Mysterious Labyrinth and Ritual Caves: Archaeologists dig up the Stone Age Past on Swedish Island
In local folklore, Bla Jungfrun Island has long been associated with dark curses and witchcraft. Off the coast of Sweden, the island has a history of bad luck and a reputation for magic, and even now visitors to the island must not stray off the paths, or stay after nightfall. Archaeologists investigating caves on Blå Jungfrun believe that strange rituals and performances dating back 9,000 years might have been held in the caves.
The uninhabited island, now a national park situated in the Kalmar Straight along the east coast of Sweden, is mostly bare rock and dense forests, and sports an ancient labyrinth, but it is the caves which interest the team of researchers from Kalmar County Museum and Linnaeus University of Sweden.
The Island of Blå Jungfrun has a mysterious past filled with tales of supernatural powers. (CC BY-SA 3.0)
According to LiveScience, archaeologists are well aware of the tales of the supernatural powers of the island but it’s not known for sure when these stories began. Archaeological fieldwork done on the island in 2014 has shed light on what might have taken place thousands of years ago on Blå Jungfrun and how it got its dark reputation.
In a summary the researchers wrote, “The results are astonishing and reveal extensive human activities on the island in the Mesolithic Stone Age.”
There are two caves in which various rituals may have been practiced, archaeologists say; one containing an altar, and the other having what is speculated to be a stage or “theater”. Each of the caves contain “distinct ritual features,” and according to a report on the fieldwork, cultural deposits date the prehistoric activity at the site to 7000 BC.
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Mysterious Ancient “Theater”
In the vertical wall of one cave a massive hollow was hollowed out at one point in the ancient past. The recess is 2.3 feet (0.7 meters) in diameter, and a fire pit lies beneath it.
Ludvig Papmehl-Dufay, archaeologist with Kalmar County Museum said, “We believe the hollow is man-made and that the fireplace has been used in connection to hammering out the hollow, probably [on] several occasions.”
Papmehl-Dufay noted, “The entrance to the cave is very narrow, and you have to squeeze your way in. [However,] once you're inside, only half of the cave is covered and you can actually stand above the cave and look down into it, almost like a theater or a stage below.
Further, the "act of producing the hollow could have been the important part [of the ritual], perhaps even the sound created while doing so.”
Fireplace below a massive hole that had been hammered into the wall. Credit: Ludvig Papmehl-Dufay
Researchers theorize that the sights and sounds of the hammering combined with the sight of the flames, as viewed from the gallery above, might have been a powerful experience for Stone Age audiences.
A hammerstone, used for grinding material, was found in the second cave. Papmehl-Dufay speculated this could have been an offering site, serving as an altar.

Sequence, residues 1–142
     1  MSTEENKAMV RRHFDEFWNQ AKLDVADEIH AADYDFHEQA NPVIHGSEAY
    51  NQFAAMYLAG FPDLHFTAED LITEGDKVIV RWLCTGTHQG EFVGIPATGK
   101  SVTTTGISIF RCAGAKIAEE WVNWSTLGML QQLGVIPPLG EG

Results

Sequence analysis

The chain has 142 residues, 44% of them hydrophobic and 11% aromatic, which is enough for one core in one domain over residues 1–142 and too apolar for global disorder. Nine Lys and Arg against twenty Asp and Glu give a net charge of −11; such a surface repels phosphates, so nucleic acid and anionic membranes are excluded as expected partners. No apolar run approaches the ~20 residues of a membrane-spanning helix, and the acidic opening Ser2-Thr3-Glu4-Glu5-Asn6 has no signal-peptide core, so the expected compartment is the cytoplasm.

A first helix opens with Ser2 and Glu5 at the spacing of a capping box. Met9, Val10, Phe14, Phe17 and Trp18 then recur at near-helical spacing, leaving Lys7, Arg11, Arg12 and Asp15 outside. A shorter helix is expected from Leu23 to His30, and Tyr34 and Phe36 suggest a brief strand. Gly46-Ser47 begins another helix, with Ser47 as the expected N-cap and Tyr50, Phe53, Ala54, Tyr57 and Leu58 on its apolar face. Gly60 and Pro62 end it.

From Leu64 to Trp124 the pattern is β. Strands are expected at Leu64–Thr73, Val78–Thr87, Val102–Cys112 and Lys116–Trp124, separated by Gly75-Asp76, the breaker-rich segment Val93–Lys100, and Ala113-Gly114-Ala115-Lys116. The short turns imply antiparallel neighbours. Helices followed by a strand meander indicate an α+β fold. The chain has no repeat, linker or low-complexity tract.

Hammerstones were used to hit and flake bits off other rocks, creating tools for prehistoric cultures. Various representative hammerstones. (CC BY-SA 3.0)
A small rock shelter connected the two large caves. Measuring only 20 by 26 feet (6 by 8 meters), researchers believe that it may have been used by Stone Age travelers to the island as temporary shelter. “However, more-specific activities with ritual elements to [them] cannot be ruled out, such as feasting in connection to the rituals performed in the nearby caves," Papmehl-Dufay said.
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Excavations in the small rock shelter revealed stone tools and the remains of seals. The seals were consumed 9,000 year ago, according to radiocarbon dating. Deposits of quartz pieces were also uncovered, perhaps used in toolmaking.
Researchers excavated the rock shelter, uncovering animal bones. Credit: Ludvig Papmehl-Dufay
It is wondered if the possible rituals performed on Blå Jungfrun, combined with its isolation and dramatic landscape, may have been the genesis of the beliefs and legends that followed.
Witchcraft, Curses and a Mysterious Labyrinth
In Swedish folklore Blå Jungfrun, or “The Blue Virgin” Island was seen as a magical or supernatural place where evil spirits dwelled, and it was best avoided by sailors. It was thought that witches met on the island, especially at Easter, to cavort and worship the devil. Large cavities in the rock along the shore, called “jättegrytor” were attributed to giants.
“Jättegrytor” were “Giant’s Kettles” created by giants in myth. (CC BY-SA 3.0)
A stone walking labyrinth can be found on Blå Jungfrun. The Trolleborg is the largest labyrinth in Sweden, but little is known about it. No one knows when it was built, or by whom, but it is thought it might be linked to the ancient fishing trade, as they were commonly created in the past in hopes of good fishing, fertility, or calm seas.
The labyrinth at the island of Blå Jungfrun, Sweden. (CC BY 3.0)
As the island is now designated as a national park, there are restrictions for visitors: keep to the paths, no staying overnight, no lighting fires, and no removing the sacred stones from the labyrinth. Even now it’s said that doing so will bring very bad luck to the thief.
Archaeological work is set to continue on Blå Jungfrun, and the team’s findings were given at a recent presentation at the annual meeting of the European Association of Archaeologists in Glasgow, Scotland.
By Liz Leafloor